Finally, I set up the gear train, mounted my sharpest thread-cutting marker pen and checked the thread pitch. Seemed to come out at 1mm pitch....which was a little finer than what I was expecting. I've gone back to the drawing board and worked out what I did wrong - final gear in the wrong slot resulting in entirely bypassing half the gears to give 60-Idler-120. I shall sort it out and try again but currently my time is taken up by my son's illness and trying to fight the medical system to actually DO something.



                        *Bought it for another project and rather conveniently it is the correct-ish diameter for the change gears. I say "ish" as it seems to be a gnats oversize. More like 16.05 perhaps as much as 16.10mm - slightly harder to tell when you're reaming holes that already exist and aren't freshly drilled and perfectly aligned.

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                        • #27
                          [QUOTE=BCRider;n1834652

                          If that is your lathe in the pictures above and not something ripped off the web I'm thinking that you'll want to mark 3 equally spaced gear teeth on the last gear that drives the lead screw and one tooth gap on the gear that drives the lead screw gear. Leave the drive engaged the whole time and instead lift the gears out of engagement and rotate the lead screw to the next mark in each case. At least I think that will work to give you the three equally spaced entries. And if that worked it would certainly ensure equally spaced starts.[/QUOTE]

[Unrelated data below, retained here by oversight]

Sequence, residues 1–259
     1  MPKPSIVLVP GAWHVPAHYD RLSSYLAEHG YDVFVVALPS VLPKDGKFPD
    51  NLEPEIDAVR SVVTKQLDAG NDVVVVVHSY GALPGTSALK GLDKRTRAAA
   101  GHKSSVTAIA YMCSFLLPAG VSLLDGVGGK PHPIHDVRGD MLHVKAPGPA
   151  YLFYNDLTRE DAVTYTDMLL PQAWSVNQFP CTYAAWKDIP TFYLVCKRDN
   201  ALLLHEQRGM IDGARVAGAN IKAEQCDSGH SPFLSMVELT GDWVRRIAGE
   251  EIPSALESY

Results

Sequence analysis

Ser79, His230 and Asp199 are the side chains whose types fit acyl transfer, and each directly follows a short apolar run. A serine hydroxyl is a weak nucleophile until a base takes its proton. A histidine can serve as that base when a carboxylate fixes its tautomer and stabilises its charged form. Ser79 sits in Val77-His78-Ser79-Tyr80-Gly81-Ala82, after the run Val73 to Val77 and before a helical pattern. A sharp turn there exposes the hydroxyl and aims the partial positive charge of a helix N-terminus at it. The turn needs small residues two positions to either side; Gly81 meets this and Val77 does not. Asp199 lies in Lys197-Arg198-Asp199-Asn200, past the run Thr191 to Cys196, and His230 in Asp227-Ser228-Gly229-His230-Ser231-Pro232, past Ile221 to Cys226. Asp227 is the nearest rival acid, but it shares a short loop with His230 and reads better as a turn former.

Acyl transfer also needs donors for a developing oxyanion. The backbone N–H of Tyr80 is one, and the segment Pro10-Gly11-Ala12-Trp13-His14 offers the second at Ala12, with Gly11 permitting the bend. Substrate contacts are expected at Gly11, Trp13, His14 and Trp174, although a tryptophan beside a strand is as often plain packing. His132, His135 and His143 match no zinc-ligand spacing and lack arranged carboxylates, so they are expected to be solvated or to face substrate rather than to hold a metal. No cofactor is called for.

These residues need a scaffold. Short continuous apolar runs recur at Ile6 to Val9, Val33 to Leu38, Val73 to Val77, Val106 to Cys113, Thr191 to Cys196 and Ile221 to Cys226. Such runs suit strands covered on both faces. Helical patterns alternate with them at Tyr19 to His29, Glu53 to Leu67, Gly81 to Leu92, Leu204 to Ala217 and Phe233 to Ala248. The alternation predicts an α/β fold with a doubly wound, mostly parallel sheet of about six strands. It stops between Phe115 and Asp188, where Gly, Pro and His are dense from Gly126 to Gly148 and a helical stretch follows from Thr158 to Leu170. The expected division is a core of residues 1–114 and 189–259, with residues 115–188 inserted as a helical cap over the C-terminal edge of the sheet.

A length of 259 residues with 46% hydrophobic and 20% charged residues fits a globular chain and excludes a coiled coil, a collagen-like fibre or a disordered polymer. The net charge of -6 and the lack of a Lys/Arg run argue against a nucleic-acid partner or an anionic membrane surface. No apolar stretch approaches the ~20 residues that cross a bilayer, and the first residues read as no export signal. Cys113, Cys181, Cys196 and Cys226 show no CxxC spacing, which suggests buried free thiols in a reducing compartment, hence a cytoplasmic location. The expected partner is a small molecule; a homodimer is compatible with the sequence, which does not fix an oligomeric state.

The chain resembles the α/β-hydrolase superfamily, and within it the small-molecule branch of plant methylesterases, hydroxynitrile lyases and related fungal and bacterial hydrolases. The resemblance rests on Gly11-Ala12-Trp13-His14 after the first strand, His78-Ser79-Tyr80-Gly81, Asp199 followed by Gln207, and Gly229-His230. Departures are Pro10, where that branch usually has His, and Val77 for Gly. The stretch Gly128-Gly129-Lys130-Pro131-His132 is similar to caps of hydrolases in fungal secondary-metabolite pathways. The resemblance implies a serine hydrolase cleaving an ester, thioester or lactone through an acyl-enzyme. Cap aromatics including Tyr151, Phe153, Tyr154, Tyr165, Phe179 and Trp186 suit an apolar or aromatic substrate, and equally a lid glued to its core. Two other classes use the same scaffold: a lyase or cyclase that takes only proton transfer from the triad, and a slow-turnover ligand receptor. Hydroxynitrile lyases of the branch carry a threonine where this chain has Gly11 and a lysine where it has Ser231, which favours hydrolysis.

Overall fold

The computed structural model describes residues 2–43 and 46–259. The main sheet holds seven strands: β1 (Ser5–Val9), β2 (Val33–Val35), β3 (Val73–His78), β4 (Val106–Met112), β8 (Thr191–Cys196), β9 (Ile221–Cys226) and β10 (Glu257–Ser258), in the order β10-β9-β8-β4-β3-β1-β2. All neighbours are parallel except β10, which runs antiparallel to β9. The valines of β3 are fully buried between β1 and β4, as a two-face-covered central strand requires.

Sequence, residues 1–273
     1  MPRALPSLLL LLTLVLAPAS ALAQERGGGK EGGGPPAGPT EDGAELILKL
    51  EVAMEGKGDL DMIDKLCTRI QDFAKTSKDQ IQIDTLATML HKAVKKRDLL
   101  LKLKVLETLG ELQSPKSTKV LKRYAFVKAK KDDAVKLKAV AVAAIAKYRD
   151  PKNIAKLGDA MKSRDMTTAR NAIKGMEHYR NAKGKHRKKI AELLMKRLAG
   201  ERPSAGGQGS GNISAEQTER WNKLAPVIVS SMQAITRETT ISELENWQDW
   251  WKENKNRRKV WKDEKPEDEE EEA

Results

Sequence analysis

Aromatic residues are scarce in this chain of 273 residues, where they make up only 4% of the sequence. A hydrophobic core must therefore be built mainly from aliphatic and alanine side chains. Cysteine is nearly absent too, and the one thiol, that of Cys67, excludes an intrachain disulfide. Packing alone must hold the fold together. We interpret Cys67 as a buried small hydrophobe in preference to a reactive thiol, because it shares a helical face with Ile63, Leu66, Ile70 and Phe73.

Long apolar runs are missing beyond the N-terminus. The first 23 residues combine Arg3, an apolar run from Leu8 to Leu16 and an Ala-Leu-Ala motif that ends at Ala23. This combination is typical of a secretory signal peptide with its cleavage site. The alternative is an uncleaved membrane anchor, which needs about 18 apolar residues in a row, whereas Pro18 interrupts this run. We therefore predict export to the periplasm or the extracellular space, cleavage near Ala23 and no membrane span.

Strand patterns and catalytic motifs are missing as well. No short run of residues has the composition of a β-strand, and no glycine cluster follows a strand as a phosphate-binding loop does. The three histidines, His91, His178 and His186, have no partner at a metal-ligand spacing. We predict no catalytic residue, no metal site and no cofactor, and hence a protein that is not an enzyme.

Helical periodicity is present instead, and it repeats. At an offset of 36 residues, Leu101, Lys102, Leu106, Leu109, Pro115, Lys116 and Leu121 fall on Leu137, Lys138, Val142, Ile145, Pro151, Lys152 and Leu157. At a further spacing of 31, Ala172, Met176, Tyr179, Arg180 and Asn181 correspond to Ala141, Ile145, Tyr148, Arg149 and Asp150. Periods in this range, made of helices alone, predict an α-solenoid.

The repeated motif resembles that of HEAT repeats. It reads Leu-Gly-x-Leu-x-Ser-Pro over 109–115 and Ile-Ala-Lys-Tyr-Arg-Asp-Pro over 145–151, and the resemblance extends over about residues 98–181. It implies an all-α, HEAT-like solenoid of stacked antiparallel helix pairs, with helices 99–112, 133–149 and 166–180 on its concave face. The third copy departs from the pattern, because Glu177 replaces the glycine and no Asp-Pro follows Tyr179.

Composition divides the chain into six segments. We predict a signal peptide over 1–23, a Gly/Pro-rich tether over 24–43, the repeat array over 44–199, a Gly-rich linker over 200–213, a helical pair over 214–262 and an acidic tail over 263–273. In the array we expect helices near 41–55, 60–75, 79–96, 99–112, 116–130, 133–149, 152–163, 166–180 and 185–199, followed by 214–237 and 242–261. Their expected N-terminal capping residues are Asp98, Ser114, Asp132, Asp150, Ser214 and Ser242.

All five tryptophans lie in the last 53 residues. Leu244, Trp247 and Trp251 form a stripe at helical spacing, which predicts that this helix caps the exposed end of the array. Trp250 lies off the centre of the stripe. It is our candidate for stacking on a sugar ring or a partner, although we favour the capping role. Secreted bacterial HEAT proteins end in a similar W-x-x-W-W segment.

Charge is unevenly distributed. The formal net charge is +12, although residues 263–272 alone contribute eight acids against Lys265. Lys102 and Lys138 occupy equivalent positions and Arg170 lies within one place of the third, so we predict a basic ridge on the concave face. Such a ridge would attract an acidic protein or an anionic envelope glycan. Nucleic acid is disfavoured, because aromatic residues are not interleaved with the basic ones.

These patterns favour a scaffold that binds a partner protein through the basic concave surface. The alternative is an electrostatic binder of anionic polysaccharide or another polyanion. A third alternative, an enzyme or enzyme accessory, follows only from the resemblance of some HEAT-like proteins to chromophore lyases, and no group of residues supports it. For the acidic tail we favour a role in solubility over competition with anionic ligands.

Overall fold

For the three space indexing could you not just jam a spacer of sorts from the ways to the jaws of the chuck.?A quick rough way of indexing three ways at 120 degrees.

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                          • #28
                            Originally posted by plunger View Post

                            For the three space indexing could you not just jam a spacer of sorts from the ways to the jaws of the chuck.?A quick rough way of indexing three ways at 120 degrees.